The Samba de Roda combines music, dance and poetry.  It is the root of the samba that everyone knows today as one of the most popular dances of Brazil.  The origin of the term, as most of the cultural expressions in Brazil is controversial and indicates hybrid origins. For example, both the Arabic term “Zambra” that the African “Semba” are considered as plausible ancestors.

It is said that the Portuguese had been received by the indigenous peoples with a “Samba”, which in the indigenous language means roda de dança (a circle where you can dance) and the Amerindians used to celebrate and dance in almost all occasions in their tribe. Later with the importation of African slaves came the “semba” giving the dance aspect characteristic of an African dance, and then there was a Samba without a pandeiro (tambourine), led by the Portuguese in Roda.

Present throughout the state of Bahia, it is especially strong in the region of Recôncavo, a strip of land that extends behind the bay de todos os santos, and that since the seventeenth century has received a large contingent of blacks slaves brought from Africa to work in the sugar cane plantations. The samba de roda is deeply tied to the traditions of these Africans recreated by their descendants who have fused to Portuguese cultural traits, such as forms of language and poetry in particular.

Today, the samba de roda from Recôncavo comes in many variations such as samba chula , the samba corrido , the Barravento, all combine with daily activities, the religious calendar and popular holidays.  Although adapted to correspond to new environments in Brazil, samba de roda still in part consists of the descendants of slaves.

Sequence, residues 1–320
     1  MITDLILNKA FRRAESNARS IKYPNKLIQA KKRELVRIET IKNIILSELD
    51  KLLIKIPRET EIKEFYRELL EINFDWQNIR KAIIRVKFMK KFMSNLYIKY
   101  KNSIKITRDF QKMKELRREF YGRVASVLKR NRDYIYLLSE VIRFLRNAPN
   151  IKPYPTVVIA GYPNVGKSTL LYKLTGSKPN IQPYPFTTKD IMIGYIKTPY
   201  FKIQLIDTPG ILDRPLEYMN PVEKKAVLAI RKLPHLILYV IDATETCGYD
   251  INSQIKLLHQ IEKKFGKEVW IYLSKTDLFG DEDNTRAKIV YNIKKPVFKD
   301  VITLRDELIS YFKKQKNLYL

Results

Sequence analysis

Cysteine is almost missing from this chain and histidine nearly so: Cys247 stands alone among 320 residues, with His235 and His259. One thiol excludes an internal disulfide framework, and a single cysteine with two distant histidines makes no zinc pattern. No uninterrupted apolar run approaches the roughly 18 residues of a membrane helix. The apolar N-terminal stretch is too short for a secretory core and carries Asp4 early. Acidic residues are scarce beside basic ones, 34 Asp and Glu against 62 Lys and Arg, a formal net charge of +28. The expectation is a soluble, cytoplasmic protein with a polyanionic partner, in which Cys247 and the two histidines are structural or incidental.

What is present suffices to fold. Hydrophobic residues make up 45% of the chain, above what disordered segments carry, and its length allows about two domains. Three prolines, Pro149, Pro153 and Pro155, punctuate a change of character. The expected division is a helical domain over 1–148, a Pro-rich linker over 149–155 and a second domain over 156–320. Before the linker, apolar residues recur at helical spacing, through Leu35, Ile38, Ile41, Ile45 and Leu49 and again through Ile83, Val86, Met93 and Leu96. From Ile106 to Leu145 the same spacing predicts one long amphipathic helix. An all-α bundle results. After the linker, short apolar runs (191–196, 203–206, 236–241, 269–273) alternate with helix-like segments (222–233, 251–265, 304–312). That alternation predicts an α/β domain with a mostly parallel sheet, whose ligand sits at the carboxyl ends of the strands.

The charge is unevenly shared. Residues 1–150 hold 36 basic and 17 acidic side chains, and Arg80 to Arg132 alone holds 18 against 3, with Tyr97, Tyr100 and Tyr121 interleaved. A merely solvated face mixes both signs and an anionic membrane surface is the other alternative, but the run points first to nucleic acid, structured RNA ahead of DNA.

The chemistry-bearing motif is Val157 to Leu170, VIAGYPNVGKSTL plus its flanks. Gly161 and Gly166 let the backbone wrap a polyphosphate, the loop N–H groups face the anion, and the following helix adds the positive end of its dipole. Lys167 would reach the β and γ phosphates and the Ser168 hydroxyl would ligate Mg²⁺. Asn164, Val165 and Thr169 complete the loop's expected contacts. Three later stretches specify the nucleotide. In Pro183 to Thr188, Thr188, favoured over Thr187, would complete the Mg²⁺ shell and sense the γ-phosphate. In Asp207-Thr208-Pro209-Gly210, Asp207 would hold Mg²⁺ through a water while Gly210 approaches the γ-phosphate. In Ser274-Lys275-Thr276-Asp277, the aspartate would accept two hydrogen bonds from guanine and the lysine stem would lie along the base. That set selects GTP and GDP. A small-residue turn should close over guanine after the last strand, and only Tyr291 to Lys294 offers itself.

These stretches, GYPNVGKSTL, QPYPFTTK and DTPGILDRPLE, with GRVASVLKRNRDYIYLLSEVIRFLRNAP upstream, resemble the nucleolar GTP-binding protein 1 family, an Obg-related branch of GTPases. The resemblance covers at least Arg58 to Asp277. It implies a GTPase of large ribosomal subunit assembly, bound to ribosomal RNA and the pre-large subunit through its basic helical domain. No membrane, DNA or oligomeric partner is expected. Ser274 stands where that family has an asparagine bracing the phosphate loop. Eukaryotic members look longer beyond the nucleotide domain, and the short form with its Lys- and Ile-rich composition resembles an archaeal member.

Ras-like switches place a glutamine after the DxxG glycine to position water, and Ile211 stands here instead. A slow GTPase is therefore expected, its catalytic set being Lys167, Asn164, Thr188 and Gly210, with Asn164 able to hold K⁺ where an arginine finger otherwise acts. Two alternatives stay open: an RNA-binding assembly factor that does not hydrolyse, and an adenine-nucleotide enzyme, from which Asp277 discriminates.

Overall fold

The samba de roda is so named because the participants in a circle, while men play traditional instruments to percussion and singing, the women dance at a time in the middle of the roda.  One of the most typical movements is the famous umbigada (ombellicata) of Bantu influence, in which a woman gives way to another to the center of the roda.  Upon entering the roda, the woman must give herself to the dance. It is her opportunity to demonstrate her best movements and expression while guided by the rhythmic beats of the Atabaque, agogo, xequeré and clapping.  The dance, also known as samba de pè provides that all movements are made ​​following a basic step in which the feet crawling back and forth with repetitive movements and spinning involves the whole body leading the woman almost to a state of trance. Usually, what attracts the attention of most people is the syncopated rhythm, the “absent” beat, which is one of the most exciting features of Samba to incite the listener to dance. According to Sodré (1998), syncopated rhythm is also indicative of the way of black resistance against cultural assimilation and strong connection with the Candomblé , polytheistic religion of African origin, developed in Brazil, of which it recalls the rhythms and customs.

The Samba de Roda has been considered as an expression of freedom and identity of disadvantaged people and has become a means of emancipation. Unfortunately, he was severely weakened during the twentieth century. The economic decline and rising poverty in the region have caused an exodus to the south of the country. The influence of the mass media and the competition of contemporary popular music have contributed to the devaluation of this tradition in the eyes of young people. This situation is aggravated by the aging of practitioners and there is the risk of an interruption in the transmission of tradition. Says an elderly lady from a small town in the heart of Recôncavo: “Do not let the samba die, because samba is life, our soul, our joy.”

It was finally recorded in 2005, as intangible heritage by IPHAN (Instituto do Patrimônio Histórico Nacional and Artístico).

Today, in the region of Recôncavo Bahia and throughout the state of Baiha, there are groups and cultural associations that seek to keep alive the Samba de Roda. The Filhos de Bimba Escola de Capoeira in Brazil and all our other centers around the world seek to safeguard the samba de roda as well as the tradition and preserve the teaching to avoid extinction.

201 Joseph E Lowery Blvd NW, Atlanta GA 30314. Entrance is on Thurmond Street.